Okay, I weighed in, but I think we have had a series of presidents who were all members of Skull and Bones and they were busy playing pirate games at the expense of the nation.  Now, we need to end the scam and get serious about the future.  This begins by creating real jobs that are based on the future, not by pouring your future earnings into promises to pay off bailouts through exorbitant taxes.  If the government has money, it will spend it on wars or boondoggles because this is how elected officials repay those who got them elected.  This has to change or we will never fix the underlying problem.

Every day, I get emails about health and environmental issues with work places and homes but people want to take a tablet rather than fix the problem at the causal level.  It's the same with the government.  The cure has to go much deeper or it's just a band aid. 

Of course, the people with the most power have the most ambition and they want to use the "crisis" to ram more rubbish down our throats, but when did we ask the people who caused the problems to fix them?  If a surgeon bungled an operation, would you give him a second chance on your body?  Why are we listening to any of the pundits now?  To solve the problems, we have to use a different mindset and strategy and I believe this means "back to basics" not more of the same.  We need to become responsible for our little niches and let that domino effect play out, not wait for something to trickle down as if the intention were to feel the dew!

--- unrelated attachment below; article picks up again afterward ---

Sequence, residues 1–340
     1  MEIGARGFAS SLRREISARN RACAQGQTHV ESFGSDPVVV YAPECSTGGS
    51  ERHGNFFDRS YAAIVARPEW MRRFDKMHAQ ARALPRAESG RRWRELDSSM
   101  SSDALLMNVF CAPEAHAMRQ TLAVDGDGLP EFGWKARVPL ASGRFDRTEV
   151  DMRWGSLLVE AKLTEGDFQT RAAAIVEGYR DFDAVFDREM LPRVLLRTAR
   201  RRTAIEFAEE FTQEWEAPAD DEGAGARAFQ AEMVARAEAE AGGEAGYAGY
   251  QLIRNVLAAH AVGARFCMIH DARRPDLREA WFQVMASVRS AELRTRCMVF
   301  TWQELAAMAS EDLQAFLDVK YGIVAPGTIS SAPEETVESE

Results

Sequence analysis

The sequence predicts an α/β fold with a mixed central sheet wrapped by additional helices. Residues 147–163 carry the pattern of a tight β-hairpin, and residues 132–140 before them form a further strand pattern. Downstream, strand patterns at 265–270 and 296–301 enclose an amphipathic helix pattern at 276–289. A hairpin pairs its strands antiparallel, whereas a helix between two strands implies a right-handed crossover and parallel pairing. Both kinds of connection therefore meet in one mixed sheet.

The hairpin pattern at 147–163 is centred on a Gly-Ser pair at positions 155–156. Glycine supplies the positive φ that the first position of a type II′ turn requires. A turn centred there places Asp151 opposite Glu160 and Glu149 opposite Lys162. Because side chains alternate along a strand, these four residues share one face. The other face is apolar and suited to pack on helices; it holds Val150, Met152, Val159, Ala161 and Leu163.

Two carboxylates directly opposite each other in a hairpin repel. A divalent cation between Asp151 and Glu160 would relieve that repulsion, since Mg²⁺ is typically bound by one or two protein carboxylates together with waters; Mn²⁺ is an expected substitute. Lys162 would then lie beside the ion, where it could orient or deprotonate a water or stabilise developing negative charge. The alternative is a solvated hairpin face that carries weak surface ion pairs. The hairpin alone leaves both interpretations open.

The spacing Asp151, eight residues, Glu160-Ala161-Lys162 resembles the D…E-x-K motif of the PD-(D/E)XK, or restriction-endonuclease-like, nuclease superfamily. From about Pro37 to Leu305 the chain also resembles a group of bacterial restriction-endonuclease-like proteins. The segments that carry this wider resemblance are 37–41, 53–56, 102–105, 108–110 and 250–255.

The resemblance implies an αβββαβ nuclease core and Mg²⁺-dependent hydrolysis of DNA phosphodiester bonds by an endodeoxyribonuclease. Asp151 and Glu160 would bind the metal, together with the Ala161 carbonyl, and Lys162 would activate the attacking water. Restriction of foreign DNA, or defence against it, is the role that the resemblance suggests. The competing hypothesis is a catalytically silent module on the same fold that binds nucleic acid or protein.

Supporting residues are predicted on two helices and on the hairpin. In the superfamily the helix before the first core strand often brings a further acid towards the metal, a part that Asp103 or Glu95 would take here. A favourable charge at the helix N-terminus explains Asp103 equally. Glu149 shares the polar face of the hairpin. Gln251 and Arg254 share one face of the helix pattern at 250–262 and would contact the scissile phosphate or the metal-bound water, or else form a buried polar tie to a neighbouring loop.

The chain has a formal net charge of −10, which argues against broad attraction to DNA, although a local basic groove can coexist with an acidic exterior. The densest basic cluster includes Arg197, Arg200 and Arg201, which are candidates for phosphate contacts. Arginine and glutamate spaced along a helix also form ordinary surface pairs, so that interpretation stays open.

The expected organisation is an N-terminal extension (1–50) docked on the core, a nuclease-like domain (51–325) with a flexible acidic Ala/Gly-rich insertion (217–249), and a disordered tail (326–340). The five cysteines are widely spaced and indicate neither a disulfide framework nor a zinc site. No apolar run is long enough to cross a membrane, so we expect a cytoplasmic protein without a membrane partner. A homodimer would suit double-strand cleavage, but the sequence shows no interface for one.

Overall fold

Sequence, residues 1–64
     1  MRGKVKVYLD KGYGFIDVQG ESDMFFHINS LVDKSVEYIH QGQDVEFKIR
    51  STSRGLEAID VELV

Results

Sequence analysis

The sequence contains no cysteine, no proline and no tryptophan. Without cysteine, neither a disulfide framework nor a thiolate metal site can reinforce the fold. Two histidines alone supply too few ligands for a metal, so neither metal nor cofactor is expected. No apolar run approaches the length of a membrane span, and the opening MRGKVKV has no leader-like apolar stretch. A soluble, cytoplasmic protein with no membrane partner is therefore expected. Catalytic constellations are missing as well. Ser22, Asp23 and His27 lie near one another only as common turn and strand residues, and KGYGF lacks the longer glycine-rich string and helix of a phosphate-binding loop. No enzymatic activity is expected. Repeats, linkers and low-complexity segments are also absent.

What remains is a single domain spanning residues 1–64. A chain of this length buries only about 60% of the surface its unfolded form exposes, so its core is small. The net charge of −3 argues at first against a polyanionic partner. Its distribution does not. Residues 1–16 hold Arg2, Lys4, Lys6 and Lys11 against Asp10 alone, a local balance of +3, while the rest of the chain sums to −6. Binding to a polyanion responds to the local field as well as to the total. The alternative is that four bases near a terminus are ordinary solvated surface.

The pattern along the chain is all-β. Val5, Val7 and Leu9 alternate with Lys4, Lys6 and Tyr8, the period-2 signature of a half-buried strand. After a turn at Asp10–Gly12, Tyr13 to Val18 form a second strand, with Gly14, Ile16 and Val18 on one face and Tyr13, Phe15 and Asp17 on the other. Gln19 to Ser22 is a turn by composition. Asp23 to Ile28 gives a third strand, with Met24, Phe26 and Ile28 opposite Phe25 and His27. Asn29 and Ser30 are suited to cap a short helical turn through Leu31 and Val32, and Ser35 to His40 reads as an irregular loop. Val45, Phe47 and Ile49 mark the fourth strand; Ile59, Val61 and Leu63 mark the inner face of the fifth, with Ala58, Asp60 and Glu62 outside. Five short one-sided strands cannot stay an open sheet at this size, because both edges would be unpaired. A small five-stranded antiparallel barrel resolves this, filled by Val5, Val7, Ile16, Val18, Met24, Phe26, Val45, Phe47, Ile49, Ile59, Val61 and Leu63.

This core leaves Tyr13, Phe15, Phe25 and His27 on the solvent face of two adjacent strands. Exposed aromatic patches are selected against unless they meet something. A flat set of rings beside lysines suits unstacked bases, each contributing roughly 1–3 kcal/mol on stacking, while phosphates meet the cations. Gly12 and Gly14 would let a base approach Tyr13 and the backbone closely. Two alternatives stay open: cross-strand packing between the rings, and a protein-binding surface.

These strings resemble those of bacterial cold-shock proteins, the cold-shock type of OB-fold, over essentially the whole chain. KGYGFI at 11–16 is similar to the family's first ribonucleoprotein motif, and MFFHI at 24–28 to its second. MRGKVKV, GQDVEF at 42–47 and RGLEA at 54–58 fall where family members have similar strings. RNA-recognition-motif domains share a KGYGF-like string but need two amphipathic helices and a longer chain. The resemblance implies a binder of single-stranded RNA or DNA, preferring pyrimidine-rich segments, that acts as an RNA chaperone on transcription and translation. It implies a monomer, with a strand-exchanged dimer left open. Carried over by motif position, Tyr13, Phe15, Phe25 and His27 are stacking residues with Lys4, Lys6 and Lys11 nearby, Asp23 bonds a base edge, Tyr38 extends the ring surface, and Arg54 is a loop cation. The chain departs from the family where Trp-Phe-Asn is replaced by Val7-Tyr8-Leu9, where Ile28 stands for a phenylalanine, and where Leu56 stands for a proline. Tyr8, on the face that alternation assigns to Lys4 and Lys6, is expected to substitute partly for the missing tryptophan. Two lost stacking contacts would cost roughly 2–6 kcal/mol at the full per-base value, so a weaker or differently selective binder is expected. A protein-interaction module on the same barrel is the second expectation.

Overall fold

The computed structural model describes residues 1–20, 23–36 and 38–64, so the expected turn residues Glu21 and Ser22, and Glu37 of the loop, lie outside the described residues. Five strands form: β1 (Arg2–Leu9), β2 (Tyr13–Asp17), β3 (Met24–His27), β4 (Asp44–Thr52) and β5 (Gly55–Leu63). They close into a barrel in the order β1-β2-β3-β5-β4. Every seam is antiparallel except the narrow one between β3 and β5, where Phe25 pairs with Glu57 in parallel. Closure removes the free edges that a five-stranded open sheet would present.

Okay, enough is enough is enough.  I have been working very hard on the ayurvedicbazaar.com and hope to phase out the old cart really soon.  I am seeing that more and more people responded to the essay on fire with a determination to detoxify, but please don't forget that toxins are often in hiding so if you dislodge them from the liver or knees or the brain or wherever, they move into circulation and this is an opportunity and a risk.  If the toxins are eliminated, all is well and there is gain for the pain, but if the eliminatory channels are not working adequately, the toxins will be reabsorbed and perhaps relocated. . . meaning, they may not go back into the knees, but the lungs or kidneys may become worse.  So, the usual place to start is with the eliminatory system and then it is generally safer to push the detoxification.


Sometimes the kidneys also need support.  I have almost jumped on another issue that people are always writing about: urine therapy.  I know about it, have known about it for years, but if mercury is excreted in the urine, why on earth would we think the urine is sterile?  I just can't go there but I bet I receive a lot of emails with a lot of links to various historic practices and research, but I don't play roulette and this just isn't my game.

Many blessings,


Copyyright by Ingrid Naiman 2009








Seventh Ray Press
Copyright by Ingrid Naiman 2010

Home || Contact Us

No content on any of the pages of this web site may be reproduced without written permission of
Ingrid Naiman and Seventh Ray Press, publisher of this site.


Design by Damien Francoeur